I found a shabby copy of this book at the library in the early 2000s. The central conceit of the story was that the characters were characters in a stereotypical medieval fantasy book, and they experience people reading this book as being summoned to act out the events of the story.

  • The protagonist is a princess in the book, and her "parents" are the king and queen in the book.
  • The characters of the in-story book know when their book is being read and what format the book is in. I distinctly recall that a character complains about the book being read on electronic devices because they have to walk "down" as they perform the story.
  • The conflict of the novel concerns some kind of corruption to the story; I don't really remember what this corruption was or why exactly it bothered the protagonist. However, the cause of the corruption is discovered by the end.
  • The corrupting agent is marked by the color yellow. I don't remember if this was woven into earlier scenes or if it only comes up in the revelatory scene at the end. I recall that revelation as involving the realization that someone is wearing yellow socks.

The book itself was hardcover and I don't know if its condition was due to its popularity or its age. I somewhat recall there being a picture of a girl in a purple gown on the cover.

1 Answer 1


This might be Into the Labyrinth (2002) by Roderick Townley.

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The Amazon summary of the book mentions the story being changed around:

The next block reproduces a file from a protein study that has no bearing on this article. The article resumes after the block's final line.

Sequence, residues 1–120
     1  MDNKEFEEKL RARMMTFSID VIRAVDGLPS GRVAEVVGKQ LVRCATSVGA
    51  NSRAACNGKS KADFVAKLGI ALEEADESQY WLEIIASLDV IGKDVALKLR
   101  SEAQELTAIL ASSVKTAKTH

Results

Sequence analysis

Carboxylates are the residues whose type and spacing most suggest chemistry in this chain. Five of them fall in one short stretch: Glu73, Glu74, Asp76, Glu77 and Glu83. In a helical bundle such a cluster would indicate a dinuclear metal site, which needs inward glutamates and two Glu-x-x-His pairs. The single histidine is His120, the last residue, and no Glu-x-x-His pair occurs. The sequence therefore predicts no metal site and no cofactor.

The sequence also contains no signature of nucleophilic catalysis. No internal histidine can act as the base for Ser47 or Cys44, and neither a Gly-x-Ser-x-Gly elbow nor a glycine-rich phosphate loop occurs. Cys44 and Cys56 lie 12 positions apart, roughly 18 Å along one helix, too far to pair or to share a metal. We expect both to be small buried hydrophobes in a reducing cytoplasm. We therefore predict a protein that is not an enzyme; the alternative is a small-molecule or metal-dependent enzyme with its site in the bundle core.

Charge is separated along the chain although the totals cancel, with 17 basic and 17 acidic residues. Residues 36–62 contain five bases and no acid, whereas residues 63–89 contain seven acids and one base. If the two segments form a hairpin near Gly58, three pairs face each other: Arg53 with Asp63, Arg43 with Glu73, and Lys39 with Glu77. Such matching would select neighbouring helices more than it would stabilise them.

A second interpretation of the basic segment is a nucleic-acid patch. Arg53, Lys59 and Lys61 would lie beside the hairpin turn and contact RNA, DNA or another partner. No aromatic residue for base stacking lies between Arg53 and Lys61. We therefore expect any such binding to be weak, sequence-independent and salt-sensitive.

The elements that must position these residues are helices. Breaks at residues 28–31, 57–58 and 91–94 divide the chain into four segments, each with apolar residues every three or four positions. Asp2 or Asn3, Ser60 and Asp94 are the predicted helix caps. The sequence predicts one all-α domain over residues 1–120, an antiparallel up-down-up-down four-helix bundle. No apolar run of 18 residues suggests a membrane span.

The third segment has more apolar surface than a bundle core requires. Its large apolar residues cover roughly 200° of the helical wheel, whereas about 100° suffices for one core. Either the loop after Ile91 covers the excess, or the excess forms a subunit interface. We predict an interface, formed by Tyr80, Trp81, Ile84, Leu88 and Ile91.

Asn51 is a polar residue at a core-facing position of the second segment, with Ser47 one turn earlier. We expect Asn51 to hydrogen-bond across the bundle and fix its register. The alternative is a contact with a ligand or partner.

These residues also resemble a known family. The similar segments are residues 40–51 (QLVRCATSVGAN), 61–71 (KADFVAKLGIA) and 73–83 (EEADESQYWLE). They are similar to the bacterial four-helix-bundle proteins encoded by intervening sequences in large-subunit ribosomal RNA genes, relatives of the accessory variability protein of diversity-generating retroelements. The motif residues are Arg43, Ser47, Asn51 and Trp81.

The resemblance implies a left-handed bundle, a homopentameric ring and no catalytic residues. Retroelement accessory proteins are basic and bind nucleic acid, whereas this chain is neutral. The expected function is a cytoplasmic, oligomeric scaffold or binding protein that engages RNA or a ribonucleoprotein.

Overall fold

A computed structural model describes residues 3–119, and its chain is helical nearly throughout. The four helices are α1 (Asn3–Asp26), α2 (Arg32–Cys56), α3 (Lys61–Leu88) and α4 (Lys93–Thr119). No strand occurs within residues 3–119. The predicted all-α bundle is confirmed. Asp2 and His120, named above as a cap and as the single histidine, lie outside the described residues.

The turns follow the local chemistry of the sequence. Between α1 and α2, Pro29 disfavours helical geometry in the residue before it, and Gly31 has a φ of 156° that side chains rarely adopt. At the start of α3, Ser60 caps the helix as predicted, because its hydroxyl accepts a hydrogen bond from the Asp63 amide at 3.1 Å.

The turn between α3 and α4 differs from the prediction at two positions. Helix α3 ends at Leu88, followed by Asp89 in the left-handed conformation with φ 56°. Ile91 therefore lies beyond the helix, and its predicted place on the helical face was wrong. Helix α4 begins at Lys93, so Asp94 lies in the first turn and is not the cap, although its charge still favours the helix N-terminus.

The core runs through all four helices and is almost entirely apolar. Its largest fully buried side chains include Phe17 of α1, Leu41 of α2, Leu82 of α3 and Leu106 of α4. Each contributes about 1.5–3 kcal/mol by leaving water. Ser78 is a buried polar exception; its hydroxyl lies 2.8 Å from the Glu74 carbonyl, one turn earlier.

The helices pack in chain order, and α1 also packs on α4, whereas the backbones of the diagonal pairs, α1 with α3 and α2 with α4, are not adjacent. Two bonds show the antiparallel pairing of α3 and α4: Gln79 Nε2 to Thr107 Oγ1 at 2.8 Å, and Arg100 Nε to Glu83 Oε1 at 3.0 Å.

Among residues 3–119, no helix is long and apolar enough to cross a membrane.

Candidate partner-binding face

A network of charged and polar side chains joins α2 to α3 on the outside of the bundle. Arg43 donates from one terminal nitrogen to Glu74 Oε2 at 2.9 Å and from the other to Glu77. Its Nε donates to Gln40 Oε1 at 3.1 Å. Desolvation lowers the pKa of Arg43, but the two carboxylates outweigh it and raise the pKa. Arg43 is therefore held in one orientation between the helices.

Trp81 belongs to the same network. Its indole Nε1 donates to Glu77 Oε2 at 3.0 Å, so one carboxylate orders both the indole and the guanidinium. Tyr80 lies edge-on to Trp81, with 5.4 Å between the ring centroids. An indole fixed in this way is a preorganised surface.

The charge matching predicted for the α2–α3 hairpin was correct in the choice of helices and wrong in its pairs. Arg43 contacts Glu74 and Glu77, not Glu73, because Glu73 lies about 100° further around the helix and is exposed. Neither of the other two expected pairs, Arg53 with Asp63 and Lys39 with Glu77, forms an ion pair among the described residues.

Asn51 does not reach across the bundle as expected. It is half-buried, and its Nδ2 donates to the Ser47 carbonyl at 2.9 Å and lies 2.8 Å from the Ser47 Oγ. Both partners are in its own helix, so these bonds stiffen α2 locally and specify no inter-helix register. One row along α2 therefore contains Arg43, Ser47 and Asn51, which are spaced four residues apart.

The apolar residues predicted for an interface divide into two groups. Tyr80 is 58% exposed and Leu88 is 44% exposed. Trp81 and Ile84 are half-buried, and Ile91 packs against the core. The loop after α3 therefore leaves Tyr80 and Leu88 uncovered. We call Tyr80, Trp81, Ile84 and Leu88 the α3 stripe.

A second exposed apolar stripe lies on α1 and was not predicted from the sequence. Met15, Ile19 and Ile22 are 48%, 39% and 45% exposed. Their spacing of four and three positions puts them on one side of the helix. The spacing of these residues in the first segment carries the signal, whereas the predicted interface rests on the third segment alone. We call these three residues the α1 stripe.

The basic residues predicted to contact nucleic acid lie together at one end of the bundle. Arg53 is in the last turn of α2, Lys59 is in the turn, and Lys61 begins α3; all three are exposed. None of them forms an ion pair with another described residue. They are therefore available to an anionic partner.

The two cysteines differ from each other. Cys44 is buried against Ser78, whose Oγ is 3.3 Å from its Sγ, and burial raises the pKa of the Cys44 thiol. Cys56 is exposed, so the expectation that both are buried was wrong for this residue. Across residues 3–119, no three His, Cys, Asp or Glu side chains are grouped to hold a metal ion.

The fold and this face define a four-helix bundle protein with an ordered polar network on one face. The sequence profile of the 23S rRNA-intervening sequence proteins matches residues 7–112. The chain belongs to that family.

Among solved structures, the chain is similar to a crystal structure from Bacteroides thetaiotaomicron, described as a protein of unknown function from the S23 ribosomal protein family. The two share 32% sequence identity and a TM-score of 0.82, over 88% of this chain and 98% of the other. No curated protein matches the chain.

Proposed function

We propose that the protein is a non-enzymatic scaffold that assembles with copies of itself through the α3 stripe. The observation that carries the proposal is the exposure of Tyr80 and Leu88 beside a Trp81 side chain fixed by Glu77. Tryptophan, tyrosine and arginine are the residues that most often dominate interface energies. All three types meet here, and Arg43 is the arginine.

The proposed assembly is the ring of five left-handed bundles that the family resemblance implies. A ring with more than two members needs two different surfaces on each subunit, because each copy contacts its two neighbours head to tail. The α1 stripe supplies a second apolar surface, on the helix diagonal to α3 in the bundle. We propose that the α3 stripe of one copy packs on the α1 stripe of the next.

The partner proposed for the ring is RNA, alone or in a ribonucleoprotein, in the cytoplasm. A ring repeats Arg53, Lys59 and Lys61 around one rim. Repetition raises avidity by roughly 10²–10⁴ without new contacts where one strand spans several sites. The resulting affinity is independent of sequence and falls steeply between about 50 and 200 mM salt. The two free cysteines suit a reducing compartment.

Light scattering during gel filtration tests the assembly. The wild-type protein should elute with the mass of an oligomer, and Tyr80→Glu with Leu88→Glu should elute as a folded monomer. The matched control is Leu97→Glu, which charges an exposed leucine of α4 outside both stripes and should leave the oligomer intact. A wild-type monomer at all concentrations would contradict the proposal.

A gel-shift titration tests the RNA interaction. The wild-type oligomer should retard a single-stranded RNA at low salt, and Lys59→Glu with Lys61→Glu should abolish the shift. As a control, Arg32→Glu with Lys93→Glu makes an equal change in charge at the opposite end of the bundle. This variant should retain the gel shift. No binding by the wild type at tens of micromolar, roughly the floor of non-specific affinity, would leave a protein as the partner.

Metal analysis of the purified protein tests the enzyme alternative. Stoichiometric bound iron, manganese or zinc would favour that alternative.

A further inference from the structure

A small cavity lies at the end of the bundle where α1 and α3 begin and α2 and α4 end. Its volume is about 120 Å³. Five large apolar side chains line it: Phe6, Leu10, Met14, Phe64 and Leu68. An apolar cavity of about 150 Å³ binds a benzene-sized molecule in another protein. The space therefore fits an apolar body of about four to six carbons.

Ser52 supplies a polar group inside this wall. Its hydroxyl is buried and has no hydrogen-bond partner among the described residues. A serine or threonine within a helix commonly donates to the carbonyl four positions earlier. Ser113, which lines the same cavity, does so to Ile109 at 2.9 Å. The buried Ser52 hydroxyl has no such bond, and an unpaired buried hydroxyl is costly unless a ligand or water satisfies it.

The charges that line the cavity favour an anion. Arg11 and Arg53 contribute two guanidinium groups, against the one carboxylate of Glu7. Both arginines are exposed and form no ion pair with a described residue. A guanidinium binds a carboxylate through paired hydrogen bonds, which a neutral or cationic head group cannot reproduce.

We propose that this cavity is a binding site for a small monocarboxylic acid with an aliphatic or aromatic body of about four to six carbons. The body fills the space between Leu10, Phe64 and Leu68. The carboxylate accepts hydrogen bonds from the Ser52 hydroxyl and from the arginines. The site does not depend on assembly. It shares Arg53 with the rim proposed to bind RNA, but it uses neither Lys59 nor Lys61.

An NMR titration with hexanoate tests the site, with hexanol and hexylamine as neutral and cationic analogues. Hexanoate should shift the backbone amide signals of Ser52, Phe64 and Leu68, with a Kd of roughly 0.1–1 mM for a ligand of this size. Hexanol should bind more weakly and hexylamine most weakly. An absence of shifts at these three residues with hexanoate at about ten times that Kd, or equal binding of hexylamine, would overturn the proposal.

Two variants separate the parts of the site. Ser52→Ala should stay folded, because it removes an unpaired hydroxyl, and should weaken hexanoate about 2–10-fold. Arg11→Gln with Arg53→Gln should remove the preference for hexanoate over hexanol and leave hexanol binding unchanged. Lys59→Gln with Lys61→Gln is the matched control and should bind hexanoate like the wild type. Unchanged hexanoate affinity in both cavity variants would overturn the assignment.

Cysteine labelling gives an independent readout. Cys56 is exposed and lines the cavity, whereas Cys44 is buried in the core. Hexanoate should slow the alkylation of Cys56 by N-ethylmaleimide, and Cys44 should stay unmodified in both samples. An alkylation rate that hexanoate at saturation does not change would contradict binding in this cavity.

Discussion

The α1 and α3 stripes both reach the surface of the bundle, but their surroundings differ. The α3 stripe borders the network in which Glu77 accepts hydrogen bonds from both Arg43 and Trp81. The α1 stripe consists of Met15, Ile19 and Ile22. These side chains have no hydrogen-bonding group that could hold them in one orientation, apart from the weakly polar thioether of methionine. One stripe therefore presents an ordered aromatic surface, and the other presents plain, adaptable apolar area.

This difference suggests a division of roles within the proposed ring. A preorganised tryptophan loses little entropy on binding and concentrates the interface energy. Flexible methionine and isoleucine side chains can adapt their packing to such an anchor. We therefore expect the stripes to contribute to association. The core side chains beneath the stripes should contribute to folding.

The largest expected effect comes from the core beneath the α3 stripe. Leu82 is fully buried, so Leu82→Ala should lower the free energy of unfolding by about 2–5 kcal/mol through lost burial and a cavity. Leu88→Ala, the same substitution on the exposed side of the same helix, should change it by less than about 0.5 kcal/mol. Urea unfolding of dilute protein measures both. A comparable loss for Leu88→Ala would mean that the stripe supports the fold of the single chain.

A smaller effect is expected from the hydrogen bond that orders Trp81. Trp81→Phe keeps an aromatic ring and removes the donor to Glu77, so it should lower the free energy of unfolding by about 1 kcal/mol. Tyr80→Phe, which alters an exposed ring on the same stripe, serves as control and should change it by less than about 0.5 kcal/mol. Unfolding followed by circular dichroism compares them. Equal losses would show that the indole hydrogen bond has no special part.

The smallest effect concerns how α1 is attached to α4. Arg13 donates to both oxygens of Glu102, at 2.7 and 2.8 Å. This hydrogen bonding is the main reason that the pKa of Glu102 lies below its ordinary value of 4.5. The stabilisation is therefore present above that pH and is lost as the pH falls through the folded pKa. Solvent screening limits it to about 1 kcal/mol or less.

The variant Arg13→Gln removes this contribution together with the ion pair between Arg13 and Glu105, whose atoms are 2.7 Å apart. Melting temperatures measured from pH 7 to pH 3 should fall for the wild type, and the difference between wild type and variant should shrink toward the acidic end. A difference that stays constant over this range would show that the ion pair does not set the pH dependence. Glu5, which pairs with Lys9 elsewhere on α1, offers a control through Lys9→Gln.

What a relief when the old storybook is republished and the characters who live inside it suddenly discover they have Readers again - lots of Readers - especially when the book is loaded on to the Web. The endless reading exhausts the characters - but that's nothing to the problems they face as strange things start happening. Words get changed around, scenes disappear - and Sylvie and her friends must launch themselves into the labyrinth of cyberspace to confront a twenty-first century evil that threatens to destroy their world.

A quick mention on another site mentions the characters having to run down the screen:

[In Into the Labyrinth] the book is moved online, and they have to run down the screen. They get their dresses caught on the words, etc.

The book is the sequel to The Great Good Thing (2001) which doesn't seem to contain the bits about corruption or running down the page.

  • I think this is it! The protagonist's name -- and the capitalization of "Reader" -- really rings a bell. Commented Oct 16, 2019 at 20:35

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